First you should check to see how your savings account compares with others on the market. Many accounts offer stunning returns when first launched, but this superiority can be fleeting.
"You often find that, 12 months down the line, that rate has slipped behind," says John Bumford of independent financial advisers Gee & Company.
Check your account every six to 12 months to see if it has been superseded by a better one, he says.
Two years ago, Sainsbury's Bank was topping best buy tables for the high interest paid on its instant access account. But it has fallen behind and pays 4 per cent gross interest a year on balances up to pounds 2,500, while Egg pays 5.5 per cent.
Bristol & West pays 6.2 per cent on balances of pounds 1,000 or over, though the account limits customers to six withdrawals a year and the interest rate includes a 1 per cent bonus that only lasts until the end of October.
In many cases, banks and building societies are now better at keeping customers informed. Complaints and publicity in the past two years about accounts becoming obsolete - when one is no longer marketed and the rate of interest becomes uncompetitive - led to a change in the banking code. Banks must now write to customers when rates are being lowered.
But if you do not have the time to keep monitoring interest rates and switching accounts, says Christine Ross, of the independent advisers Willis National, then choose an account that is likely to stay competitive.
"You can either go for an institution that is fairly well-established... or one that has a base-rate tracker account," she says. Northern Rock's base-rate tracker account has a minimum balance of pounds 5,000. The rate is guaranteed to remain above the base rate until January, and then at no less than 1 per cent below base rate for the following year.
Virgin offers a similar "tracker" savings account, while First Active operates an account that promises to pay the average of the rate paid on a pounds 10,000 deposit by the 20 largest savings institutions - except that in its case the rate applies to deposits from pounds 1,000.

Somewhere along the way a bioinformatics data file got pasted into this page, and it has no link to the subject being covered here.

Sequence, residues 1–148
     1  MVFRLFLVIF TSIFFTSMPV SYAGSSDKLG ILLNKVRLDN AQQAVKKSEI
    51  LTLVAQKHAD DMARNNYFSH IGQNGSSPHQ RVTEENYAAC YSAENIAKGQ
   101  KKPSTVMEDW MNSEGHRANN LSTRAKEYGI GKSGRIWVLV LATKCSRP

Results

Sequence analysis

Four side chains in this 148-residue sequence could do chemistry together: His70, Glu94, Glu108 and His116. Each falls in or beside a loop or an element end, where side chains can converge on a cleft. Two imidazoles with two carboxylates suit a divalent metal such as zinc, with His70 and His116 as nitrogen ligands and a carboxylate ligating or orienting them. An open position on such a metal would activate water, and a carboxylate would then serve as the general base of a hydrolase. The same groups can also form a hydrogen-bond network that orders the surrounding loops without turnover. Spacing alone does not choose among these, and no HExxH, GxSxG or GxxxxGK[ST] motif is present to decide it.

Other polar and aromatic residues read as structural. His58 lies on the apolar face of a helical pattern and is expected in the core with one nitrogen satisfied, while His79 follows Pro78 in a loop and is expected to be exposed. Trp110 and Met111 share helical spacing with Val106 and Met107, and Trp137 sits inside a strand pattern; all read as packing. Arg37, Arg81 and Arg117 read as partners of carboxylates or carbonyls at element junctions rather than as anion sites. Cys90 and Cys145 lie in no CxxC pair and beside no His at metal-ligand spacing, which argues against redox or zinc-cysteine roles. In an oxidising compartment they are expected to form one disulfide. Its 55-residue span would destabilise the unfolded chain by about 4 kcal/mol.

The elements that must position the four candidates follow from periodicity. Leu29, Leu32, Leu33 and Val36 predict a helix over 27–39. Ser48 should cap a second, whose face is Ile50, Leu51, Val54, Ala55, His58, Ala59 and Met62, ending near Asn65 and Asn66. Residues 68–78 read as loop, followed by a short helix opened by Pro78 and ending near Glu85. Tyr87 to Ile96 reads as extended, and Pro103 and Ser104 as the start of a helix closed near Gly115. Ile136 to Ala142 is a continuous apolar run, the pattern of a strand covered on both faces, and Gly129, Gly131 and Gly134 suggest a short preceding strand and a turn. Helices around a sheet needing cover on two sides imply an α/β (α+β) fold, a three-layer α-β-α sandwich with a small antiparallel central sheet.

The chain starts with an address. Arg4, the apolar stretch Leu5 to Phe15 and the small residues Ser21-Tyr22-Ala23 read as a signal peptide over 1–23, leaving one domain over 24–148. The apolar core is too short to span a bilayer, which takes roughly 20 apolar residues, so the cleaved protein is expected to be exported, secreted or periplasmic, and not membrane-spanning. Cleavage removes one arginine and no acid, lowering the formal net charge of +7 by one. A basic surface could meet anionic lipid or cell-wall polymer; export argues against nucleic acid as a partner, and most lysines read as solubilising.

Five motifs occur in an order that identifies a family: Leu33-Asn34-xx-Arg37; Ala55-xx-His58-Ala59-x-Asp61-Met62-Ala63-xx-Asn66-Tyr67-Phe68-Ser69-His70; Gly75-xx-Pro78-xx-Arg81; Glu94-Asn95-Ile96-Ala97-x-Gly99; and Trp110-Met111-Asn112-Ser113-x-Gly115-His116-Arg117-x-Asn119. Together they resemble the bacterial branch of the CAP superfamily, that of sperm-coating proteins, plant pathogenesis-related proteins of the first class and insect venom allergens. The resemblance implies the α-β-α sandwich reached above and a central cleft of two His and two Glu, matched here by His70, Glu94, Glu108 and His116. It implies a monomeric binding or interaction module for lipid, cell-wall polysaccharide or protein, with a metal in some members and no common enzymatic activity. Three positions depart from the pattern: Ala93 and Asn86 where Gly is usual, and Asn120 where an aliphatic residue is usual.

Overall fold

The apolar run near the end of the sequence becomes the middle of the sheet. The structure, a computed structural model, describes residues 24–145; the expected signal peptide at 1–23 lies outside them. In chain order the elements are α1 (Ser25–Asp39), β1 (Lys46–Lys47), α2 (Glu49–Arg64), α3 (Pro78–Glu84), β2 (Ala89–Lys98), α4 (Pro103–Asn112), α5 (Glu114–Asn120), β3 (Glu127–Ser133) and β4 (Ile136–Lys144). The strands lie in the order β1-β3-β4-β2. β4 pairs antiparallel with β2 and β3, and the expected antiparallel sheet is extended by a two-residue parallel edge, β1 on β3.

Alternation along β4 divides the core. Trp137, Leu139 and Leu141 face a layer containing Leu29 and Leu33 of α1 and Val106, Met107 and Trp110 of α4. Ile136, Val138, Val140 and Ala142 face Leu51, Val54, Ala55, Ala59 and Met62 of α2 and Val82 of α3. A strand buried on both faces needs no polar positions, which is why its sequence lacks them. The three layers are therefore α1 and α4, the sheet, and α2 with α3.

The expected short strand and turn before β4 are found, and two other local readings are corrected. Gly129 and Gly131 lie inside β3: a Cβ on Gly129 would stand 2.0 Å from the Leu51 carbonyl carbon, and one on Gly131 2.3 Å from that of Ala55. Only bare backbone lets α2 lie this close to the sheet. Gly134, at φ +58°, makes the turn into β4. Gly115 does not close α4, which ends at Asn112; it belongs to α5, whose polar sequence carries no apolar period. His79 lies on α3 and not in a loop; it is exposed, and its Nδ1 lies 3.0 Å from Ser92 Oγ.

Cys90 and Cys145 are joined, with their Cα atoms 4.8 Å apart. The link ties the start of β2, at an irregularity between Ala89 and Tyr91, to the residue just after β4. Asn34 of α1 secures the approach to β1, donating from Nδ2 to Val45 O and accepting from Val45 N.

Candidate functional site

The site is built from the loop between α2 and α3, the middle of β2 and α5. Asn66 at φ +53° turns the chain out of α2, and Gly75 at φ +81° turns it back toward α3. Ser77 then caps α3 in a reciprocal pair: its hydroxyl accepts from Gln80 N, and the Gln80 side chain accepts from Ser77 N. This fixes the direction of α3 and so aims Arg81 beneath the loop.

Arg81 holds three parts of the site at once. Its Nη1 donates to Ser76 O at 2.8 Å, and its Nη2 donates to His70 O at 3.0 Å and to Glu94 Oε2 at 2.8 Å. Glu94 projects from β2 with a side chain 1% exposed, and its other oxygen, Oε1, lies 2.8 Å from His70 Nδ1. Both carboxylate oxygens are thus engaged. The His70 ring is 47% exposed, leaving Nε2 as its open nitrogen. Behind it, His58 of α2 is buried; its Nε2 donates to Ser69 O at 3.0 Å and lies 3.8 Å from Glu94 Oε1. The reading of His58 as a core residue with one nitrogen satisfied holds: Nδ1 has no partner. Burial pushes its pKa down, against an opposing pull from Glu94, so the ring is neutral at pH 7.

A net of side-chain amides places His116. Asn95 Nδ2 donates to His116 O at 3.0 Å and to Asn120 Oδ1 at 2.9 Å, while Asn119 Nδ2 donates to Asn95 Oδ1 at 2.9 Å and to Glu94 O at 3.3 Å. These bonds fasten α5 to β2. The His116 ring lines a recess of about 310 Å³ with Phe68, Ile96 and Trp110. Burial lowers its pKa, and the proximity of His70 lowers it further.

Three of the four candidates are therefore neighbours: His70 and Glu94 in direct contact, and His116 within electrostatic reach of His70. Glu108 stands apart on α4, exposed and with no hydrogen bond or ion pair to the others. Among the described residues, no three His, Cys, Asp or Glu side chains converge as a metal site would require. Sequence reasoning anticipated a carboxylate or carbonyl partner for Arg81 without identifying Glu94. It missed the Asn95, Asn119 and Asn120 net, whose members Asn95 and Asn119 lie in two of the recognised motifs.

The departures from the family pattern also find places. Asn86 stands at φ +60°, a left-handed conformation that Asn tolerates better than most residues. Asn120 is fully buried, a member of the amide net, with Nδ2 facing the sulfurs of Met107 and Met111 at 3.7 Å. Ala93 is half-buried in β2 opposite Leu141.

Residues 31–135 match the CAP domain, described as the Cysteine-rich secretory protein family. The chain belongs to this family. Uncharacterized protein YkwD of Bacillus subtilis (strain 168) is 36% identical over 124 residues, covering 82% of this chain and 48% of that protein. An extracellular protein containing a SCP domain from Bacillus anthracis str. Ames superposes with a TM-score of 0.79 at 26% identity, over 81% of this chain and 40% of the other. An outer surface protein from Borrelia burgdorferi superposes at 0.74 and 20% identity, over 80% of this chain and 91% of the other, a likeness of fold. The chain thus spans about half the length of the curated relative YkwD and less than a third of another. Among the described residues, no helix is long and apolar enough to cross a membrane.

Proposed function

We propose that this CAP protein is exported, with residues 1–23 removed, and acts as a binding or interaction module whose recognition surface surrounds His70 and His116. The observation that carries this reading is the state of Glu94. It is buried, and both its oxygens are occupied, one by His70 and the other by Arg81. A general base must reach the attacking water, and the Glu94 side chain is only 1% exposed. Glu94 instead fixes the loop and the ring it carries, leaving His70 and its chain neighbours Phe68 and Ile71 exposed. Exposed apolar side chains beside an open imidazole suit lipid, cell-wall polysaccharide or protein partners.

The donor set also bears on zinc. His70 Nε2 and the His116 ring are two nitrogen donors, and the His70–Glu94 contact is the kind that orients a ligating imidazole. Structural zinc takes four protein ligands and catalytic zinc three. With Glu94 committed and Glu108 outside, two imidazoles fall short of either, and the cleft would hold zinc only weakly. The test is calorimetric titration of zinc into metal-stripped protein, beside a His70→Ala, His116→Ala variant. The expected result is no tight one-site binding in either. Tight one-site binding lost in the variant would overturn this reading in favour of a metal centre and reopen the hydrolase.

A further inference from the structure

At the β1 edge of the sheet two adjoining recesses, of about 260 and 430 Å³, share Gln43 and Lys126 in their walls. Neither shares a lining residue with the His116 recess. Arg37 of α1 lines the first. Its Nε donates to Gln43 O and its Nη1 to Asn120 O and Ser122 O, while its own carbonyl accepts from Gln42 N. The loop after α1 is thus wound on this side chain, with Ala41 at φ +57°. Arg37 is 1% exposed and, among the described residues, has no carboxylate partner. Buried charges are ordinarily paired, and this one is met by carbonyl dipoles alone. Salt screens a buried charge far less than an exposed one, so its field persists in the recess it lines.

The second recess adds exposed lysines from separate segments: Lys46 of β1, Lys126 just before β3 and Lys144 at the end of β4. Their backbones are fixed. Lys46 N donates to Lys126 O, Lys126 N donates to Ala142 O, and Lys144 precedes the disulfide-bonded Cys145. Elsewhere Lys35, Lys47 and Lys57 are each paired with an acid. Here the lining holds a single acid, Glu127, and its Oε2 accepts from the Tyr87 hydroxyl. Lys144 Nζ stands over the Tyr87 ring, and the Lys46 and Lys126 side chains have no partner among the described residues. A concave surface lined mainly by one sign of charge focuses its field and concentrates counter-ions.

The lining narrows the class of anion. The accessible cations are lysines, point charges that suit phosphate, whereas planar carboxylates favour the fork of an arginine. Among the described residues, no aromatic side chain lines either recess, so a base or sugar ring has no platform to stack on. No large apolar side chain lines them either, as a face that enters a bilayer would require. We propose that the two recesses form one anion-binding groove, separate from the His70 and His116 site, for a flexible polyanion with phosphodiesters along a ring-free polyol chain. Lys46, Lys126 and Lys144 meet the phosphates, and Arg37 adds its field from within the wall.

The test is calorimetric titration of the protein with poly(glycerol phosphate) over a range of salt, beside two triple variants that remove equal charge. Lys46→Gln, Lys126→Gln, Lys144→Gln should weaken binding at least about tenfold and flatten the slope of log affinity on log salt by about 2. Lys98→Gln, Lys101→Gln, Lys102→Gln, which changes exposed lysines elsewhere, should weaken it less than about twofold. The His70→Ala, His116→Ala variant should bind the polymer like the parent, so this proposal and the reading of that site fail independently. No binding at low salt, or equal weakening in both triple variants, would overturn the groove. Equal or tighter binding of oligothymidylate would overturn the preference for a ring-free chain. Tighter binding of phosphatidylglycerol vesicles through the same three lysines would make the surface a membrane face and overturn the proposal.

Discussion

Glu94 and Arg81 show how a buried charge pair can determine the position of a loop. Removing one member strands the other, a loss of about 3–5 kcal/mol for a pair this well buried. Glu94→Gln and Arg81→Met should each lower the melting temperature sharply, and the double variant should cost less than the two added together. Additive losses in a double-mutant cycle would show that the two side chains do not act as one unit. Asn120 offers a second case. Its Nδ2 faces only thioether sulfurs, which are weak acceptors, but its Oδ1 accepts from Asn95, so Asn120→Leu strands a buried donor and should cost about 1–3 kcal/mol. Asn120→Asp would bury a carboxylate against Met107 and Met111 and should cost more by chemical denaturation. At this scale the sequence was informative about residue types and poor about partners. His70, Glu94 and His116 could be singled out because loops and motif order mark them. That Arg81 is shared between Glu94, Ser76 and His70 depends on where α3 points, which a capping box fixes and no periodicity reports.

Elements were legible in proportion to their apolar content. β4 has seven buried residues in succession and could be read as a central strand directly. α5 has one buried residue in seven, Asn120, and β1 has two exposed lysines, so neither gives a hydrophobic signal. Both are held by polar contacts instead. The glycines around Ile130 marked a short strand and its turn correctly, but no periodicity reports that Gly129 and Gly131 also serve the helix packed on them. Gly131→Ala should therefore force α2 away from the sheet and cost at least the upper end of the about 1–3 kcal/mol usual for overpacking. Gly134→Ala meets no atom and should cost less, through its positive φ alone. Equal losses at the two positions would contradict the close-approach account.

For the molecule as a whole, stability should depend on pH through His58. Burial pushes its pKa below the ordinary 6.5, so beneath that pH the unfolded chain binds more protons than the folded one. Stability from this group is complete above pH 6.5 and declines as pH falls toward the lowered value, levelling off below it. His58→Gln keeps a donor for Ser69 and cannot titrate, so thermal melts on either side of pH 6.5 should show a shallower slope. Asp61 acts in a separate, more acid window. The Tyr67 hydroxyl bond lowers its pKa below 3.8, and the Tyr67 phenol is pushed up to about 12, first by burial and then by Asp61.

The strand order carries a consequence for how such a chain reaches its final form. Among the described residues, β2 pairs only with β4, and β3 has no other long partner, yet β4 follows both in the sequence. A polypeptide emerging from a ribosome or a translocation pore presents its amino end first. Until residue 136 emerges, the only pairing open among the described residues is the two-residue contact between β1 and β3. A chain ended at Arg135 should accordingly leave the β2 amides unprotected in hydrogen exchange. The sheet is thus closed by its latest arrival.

Of course, if you have thousands of pounds sloshing around in a current account, you could be wasting a chance to earn interest.
Telephone banking makes it easy to check your balance and transfer funds to a savings account. However, some banks, including HSBC and NatWest, offer customers a "sweep" facility.
This is how it works - if your current account balance is more than a certain amount at a specified time of each month, the excess is automatically transferred to an account earning higher interest.
HSBC will do this free of charge, while NatWest charges a one-off fee of pounds 35.
However, NatWest also has a daily auto-transfer facility. A customer can specify a maximum current account balance of just pounds 1, and every day anything more than that will be syphoned off into an interest-bearing account.
Unfortunately, NatWest pays such low rates of interest on its savings accounts, - at least on balances below pounds 2,500 - that potential gains are meagre. Someone with a pounds 1,500 monthly pay cheque would only gain around 90 pence a month - and it costs pounds 75 to sign up.
The best way to ensure that you are making the most of all your cash is to take out a current account mortgage. These are offered by Virgin Direct and First Active, and take the form of a single bank account that you use for borrowing, including your mortgage and savings, and as a current account.
This mortgage works on the principle that having assets and debt simultaneously wastes money. The account is always in net debit, because of the mortgage, so savings effectively receive tax-free interest.
Interest in these accounts is calculated daily and the credit balance on your current account goes to work straight away to minimise your mortgage and your interest bill.
As with most flexible mortgages, any overpayments can be "reborrowed" Someone paying a salary of pounds 1,500 into their One-account each month would save pounds 4.62 a month in interest. "You're using your money to pay off debt, and that's always the most efficient way in a low-interest environment... also because there's no tax to pay," says Adrian Webb of Virgin Direct.
However, some people naturally prefer to keep their money in separate blocks for fear of losing track. Many carry a reasonably high variable rate of interest, so you have to work out if your savings are worth it. A mortgage with a discounted rate could have saved you more money.
Gee & Company: 01743 236982; Virgin Direct: 0845 6000 001; Willis National: 0171-488 8383Reuse content